So, you’ve set aside time for portraiture and you’ve drawn a clear line in the sand when it comes to crowd control.  So now you’re going to make it up to everybody by including each and every guest in a 100 or so formal shots.  Right?


Quite often, when our clients create their photography schedules, they tend to use family formals as a time to acknowledge each and every guest at their event.  The lists of guests to be photographed can be quite extensive, ranging from relatives to kindergarten friends, to relatively new work colleagues.  Sometimes couples are pressured to have formals with friends and colleagues of their parents, who they don’t really know.  And sometimes guests end up on the formals list because so-and-so is on the list, and the other people might get insulted if they’re not included too.


The thing to remember is that while formals look simple, each group to be photographed takes time to setup and pose.  It all comes down to minutes, which as I’ve already said are shorter on wedding days than on regular days.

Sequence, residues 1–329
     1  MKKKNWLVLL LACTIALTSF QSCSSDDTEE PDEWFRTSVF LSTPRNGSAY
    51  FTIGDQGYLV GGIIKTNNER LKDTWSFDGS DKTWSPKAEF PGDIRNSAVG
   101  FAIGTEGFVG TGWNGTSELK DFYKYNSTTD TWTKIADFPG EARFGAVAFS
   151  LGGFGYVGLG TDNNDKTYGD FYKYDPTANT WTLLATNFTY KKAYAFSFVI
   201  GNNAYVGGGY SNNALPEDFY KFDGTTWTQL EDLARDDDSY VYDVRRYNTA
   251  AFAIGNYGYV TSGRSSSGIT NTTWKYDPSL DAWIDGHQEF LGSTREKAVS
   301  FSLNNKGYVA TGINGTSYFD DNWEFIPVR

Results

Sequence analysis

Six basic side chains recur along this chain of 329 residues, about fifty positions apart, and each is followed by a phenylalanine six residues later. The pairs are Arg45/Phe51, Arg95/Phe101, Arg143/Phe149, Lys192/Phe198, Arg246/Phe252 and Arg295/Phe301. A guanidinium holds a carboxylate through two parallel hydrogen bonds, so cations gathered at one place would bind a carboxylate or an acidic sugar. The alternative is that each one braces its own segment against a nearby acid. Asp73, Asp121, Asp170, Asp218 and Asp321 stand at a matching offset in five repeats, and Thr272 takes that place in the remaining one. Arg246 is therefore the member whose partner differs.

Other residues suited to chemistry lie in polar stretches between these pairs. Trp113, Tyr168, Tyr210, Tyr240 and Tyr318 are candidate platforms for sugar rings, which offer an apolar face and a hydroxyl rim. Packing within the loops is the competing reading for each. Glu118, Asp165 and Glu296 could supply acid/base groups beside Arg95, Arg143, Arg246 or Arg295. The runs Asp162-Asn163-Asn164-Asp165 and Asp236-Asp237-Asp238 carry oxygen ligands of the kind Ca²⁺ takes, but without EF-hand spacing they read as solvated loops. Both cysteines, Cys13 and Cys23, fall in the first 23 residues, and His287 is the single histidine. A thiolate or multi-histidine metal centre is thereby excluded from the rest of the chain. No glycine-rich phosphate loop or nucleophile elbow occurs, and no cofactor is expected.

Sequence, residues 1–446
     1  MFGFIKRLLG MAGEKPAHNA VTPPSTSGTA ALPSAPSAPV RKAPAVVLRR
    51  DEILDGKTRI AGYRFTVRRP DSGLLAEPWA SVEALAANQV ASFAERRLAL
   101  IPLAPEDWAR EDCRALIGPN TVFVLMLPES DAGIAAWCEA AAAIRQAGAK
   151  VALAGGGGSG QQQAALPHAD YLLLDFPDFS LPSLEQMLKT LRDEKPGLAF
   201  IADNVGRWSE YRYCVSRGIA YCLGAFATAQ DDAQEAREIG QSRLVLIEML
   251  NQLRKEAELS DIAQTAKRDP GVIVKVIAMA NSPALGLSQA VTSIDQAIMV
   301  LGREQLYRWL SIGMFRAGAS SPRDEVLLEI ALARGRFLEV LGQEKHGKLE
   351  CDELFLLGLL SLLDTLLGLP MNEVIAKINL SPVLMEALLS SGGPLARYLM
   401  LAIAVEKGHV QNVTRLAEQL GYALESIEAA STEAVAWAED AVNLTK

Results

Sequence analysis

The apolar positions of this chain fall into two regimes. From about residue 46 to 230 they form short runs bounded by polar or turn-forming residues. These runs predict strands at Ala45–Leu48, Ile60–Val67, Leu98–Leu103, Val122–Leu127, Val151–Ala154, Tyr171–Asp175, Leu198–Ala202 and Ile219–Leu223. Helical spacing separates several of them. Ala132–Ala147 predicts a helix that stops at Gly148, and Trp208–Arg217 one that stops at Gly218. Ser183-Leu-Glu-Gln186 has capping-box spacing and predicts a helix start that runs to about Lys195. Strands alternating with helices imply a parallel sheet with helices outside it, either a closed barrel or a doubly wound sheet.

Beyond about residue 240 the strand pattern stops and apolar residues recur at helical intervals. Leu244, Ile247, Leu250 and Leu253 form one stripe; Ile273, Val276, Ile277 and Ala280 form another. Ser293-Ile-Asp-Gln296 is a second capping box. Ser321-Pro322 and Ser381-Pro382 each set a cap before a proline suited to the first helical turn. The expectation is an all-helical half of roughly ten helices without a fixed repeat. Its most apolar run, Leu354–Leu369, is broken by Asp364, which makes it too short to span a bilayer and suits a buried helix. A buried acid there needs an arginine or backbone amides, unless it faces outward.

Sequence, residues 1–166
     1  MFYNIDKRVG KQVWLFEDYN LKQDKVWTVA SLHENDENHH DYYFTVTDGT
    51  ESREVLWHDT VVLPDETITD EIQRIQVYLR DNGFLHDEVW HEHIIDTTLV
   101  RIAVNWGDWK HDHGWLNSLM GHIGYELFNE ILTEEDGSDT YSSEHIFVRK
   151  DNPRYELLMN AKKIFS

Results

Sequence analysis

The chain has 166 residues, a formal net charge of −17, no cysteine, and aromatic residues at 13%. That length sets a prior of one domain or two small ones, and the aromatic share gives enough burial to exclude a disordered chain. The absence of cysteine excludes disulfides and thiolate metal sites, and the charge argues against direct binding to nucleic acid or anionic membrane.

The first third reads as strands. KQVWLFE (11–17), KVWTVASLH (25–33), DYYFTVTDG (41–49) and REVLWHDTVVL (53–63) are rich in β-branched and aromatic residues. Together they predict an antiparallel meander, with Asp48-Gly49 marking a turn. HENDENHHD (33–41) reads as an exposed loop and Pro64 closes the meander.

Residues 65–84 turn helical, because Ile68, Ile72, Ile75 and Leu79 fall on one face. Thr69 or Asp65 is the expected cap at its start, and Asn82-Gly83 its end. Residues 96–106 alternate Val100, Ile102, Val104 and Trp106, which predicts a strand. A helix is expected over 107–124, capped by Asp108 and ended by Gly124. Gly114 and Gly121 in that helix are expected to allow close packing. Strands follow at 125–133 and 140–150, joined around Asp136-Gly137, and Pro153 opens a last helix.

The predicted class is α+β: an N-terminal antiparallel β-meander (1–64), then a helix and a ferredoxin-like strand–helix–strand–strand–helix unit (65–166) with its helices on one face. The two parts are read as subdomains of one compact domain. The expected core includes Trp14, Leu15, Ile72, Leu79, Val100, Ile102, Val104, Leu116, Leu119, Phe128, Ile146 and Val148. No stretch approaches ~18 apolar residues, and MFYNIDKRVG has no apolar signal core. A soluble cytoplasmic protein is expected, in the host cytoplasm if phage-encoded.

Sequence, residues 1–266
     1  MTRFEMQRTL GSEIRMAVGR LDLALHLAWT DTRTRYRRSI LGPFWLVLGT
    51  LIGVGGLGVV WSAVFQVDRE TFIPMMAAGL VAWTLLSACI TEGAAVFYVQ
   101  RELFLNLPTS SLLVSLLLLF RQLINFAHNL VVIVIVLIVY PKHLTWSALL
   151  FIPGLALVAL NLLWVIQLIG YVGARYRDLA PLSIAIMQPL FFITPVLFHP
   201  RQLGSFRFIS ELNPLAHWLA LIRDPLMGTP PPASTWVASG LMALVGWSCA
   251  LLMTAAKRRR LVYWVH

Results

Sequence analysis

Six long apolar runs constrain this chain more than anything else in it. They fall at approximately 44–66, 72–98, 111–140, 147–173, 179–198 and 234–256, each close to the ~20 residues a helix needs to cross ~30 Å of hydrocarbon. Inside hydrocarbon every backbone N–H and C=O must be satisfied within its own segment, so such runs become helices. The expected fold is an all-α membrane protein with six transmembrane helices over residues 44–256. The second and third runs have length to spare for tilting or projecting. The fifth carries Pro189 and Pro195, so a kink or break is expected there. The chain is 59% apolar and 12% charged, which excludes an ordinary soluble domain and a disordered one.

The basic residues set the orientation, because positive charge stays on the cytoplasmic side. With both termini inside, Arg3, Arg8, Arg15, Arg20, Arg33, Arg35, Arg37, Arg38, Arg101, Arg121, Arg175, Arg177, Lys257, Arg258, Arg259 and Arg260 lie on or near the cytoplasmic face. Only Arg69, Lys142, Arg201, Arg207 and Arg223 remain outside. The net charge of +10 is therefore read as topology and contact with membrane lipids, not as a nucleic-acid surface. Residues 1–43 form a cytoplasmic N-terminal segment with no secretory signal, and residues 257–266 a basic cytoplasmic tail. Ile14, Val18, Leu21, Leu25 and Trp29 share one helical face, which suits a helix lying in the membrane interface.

We recommend choosing the subjects of your formals very carefully.  Narrow the list down to the really important people in your life, namely your parents, siblings, and grandparents, plus any aunts or uncles who’ve been a positive force in your upbringing.  Friends who have stuck with you through thick and thin, or who were instrumental in bringing the bride and groom together, certainly deserve a formal too.  As do guests who have traveled to your wedding from very far away.